The moulding of stored container-grown seedlings differs from that of stored bareroot seedlings in that only one or two fungi are involved (i.e., usually the gray mould pathogen Botrytis cinerea and sometimes Rosellinia). These fungi can become established during the growing season and continue to develop after the seedlings are stored. Hosts, symptoms, and damage of these diseases are described in separate chapters. Certain root fungi such as Cylindrocarpon and Fusarium, can be acquired by container-grown seedlings in the nursery and carried over into storage; see earlier sections on these diseases.

To date, in British Columbia, the amount of moulding damage on either bareroot or container-grown seedlings has not been correlated with subsequent outplanting survival. However, trees with advanced stem and branch decay and defoliation (Figure 43) probably survive poorly, and seedlings with low to moderate damage may be more affected by site, weather, and other factors than would healthy seedlings.

Life history*

Fungi such as Fusarium, Rhizopus, Aspergillus, Penicillium, Epicoccum, Cylindrocarpon, and numerous non-sporulating forms, are common on mouldy bareroot stock. Ordinarily, they live on dead or dying organic matter and only become pathogenic under favorable conditions. These fungi are ubiquitous, thus inoculum is on foliage prior to storage, in soil particles deposited onto shoots during lifting, or in soil adhering to seedling roots. None of these fungi occurring on bareroot seedlings have any specialized spores for survival, reproduction, or inoculation related specifically to their role in moulding.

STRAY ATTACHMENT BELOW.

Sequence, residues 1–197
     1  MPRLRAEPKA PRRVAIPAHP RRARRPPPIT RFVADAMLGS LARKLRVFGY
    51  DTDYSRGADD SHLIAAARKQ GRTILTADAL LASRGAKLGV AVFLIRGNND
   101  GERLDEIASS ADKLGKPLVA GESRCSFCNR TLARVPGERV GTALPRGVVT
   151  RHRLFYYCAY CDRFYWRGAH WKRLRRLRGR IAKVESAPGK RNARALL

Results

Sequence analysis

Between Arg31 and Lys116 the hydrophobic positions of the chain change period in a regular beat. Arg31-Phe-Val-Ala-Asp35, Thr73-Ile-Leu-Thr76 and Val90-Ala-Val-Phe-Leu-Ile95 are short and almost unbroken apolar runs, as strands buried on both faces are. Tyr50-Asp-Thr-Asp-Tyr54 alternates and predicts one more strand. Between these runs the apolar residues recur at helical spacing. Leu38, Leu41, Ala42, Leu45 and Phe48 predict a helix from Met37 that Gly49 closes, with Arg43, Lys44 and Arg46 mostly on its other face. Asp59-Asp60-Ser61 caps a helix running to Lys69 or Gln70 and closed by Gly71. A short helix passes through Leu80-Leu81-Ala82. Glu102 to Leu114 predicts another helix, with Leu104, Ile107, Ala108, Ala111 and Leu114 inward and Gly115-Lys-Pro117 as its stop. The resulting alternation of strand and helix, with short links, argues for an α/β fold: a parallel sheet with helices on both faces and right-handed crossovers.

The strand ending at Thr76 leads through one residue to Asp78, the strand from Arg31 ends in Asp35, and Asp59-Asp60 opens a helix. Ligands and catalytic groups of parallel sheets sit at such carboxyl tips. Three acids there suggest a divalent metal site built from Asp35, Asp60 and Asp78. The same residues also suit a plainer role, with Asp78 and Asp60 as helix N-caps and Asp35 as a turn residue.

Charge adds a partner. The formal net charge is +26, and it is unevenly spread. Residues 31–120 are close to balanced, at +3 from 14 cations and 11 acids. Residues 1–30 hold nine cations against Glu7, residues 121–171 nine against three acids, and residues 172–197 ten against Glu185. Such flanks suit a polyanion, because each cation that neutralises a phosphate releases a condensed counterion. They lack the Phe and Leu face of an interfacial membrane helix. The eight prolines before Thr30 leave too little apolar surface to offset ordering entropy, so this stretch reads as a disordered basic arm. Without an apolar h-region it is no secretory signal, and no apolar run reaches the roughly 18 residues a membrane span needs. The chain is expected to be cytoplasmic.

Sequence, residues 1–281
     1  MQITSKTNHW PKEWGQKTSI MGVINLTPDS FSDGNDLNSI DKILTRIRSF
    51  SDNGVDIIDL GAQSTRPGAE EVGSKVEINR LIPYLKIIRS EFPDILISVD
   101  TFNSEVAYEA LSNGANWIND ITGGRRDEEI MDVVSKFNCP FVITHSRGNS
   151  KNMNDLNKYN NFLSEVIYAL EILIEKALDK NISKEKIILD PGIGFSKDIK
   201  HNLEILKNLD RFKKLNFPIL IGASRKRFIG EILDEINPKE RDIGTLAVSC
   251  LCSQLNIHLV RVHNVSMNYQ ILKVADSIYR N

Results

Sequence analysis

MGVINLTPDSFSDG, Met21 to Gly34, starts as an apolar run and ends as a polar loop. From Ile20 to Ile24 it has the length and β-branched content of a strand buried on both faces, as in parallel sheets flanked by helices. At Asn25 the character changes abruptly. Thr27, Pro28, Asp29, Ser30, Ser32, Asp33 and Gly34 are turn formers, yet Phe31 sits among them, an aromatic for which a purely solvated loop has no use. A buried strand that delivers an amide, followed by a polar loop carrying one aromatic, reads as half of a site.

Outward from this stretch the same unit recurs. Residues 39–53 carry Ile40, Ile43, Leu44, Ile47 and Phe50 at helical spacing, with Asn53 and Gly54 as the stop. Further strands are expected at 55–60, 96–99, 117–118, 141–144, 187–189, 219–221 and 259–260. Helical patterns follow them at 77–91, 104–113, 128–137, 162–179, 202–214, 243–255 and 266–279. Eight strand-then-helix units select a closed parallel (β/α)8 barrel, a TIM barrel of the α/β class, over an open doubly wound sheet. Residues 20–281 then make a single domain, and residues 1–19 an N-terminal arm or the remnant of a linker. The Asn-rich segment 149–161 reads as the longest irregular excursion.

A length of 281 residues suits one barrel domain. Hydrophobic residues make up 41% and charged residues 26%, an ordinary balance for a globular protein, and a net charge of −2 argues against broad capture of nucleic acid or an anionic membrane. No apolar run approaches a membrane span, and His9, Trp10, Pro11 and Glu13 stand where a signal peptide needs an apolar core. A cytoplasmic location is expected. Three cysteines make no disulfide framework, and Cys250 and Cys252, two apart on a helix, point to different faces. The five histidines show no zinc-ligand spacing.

* Because of the variation in the life histories of the pathogens involved, a diagram is not included here.


Storage moulds of both container and bareroot-grown seedlings are better prevented than controlled. Some practices that help reduce losses include: (i) storing stock for the shortest period possible, (ii) periodically examining a sample of each stored seedlot, and (iii) immediately shipping stock with initial moulding. The latter should receive special care to prevent further moulding in transit and prior to outplanting.